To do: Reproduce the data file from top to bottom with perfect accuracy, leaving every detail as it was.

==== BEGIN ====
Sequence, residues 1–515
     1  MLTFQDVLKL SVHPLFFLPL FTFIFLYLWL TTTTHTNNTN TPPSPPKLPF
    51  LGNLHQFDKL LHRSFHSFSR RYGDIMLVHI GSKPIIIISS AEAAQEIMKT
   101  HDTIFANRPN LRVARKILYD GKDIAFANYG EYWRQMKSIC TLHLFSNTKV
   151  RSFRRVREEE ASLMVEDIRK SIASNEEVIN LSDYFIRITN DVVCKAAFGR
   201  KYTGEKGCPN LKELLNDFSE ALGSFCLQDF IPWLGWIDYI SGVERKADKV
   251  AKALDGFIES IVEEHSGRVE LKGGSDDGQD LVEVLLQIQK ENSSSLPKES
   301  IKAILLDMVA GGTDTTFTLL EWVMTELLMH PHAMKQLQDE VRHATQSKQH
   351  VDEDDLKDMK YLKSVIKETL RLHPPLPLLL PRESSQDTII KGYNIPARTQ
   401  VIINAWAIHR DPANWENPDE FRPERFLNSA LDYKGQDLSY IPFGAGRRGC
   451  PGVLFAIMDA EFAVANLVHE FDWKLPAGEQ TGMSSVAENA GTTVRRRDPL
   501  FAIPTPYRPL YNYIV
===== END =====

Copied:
Sequence, residues 1–515
     1  MLTFQDVLKL SVHPLFFLPL FTFIFLYLWL TTTTHTNNTN TPPSPPKLPF
    51  LGNLHQFDKL LHRSFHSFSR RYGDIMLVHI GSKPIIIISS AEAAQEIMKT
   101  HDTIFANRPN LRVARKILYD GKDIAFANYG EYWRQMKSIC TLHLFSNTKV
   151  RSFRRVREEE ASLMVEDIRK SIASNEEVIN LSDYFIRITN DVVCKAAFGR
   201  KYTGEKGCPN LKELLNDFSE ALGSFCLQDF IPWLGWIDYI SGVERKADKV
   251  AKALDGFIES IVEEHSGRVE LKGGSDDGQD LVEVLLQIQK ENSSSLPKES
   301  IKAILLDMVA GGTDTTFTLL EWVMTELLMH PHAMKQLQDE VRHATQSKQH
   351  VDEDDLKDMK YLKSVIKETL RLHPPLPLLL PRESSQDTII KGYNIPARTQ
   401  VIINAWAIHR DPANWENPDE FRPERFLNSA LDYKGQDLSY IPFGAGRRGC
   451  PGVLFAIMDA EFAVANLVHE FDWKLPAGEQ TGMSSVAENA GTTVRRRDPL
   501  FAIPTPYRPL YNYIV